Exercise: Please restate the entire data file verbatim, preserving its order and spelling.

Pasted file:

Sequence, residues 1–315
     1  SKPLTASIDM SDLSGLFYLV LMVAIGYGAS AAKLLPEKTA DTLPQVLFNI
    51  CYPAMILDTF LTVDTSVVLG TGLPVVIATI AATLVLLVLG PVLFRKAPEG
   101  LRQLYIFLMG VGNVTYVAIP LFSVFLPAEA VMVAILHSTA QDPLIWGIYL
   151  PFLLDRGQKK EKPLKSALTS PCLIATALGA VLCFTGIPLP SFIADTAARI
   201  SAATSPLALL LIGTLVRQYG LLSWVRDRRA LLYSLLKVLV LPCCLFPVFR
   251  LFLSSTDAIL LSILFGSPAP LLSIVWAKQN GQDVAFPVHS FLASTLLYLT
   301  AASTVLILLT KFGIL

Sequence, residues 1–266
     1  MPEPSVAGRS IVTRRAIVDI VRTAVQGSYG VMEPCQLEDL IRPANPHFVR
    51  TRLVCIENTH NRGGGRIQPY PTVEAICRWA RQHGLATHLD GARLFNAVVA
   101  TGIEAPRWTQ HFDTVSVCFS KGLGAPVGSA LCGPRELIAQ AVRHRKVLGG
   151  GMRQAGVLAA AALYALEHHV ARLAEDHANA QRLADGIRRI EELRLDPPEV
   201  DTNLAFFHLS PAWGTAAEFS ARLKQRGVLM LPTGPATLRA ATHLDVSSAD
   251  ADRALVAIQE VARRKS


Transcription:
Sequence, residues 1–315
     1  SKPLTASIDM SDLSGLFYLV LMVAIGYGAS AAKLLPEKTA DTLPQVLFNI
    51  CYPAMILDTF LTVDTSVVLG TGLPVVIATI AATLVLLVLG PVLFRKAPEG
   101  LRQLYIFLMG VGNVTYVAIP LFSVFLPAEA VMVAILHSTA QDPLIWGIYL
   151  PFLLDRGQKK EKPLKSALTS PCLIATALGA VLCFTGIPLP SFIADTAARI
   201  SAATSPLALL LIGTLVRQYG LLSWVRDRRA LLYSLLKVLV LPCCLFPVFR
   251  LFLSSTDAIL LSILFGSPAP LLSIVWAKQN GQDVAFPVHS FLASTLLYLT
   301  AASTVLILLT KFGIL

Sequence, residues 1–266
     1  MPEPSVAGRS IVTRRAIVDI VRTAVQGSYG VMEPCQLEDL IRPANPHFVR
    51  TRLVCIENTH NRGGGRIQPY PTVEAICRWA RQHGLATHLD GARLFNAVVA
   101  TGIEAPRWTQ HFDTVSVCFS KGLGAPVGSA LCGPRELIAQ AVRHRKVLGG
   151  GMRQAGVLAA AALYALEHHV ARLAEDHANA QRLADGIRRI EELRLDPPEV
   201  DTNLAFFHLS PAWGTAAEFS ARLKQRGVLM LPTGPATLRA ATHLDVSSAD
   251  ADRALVAIQE VARRKS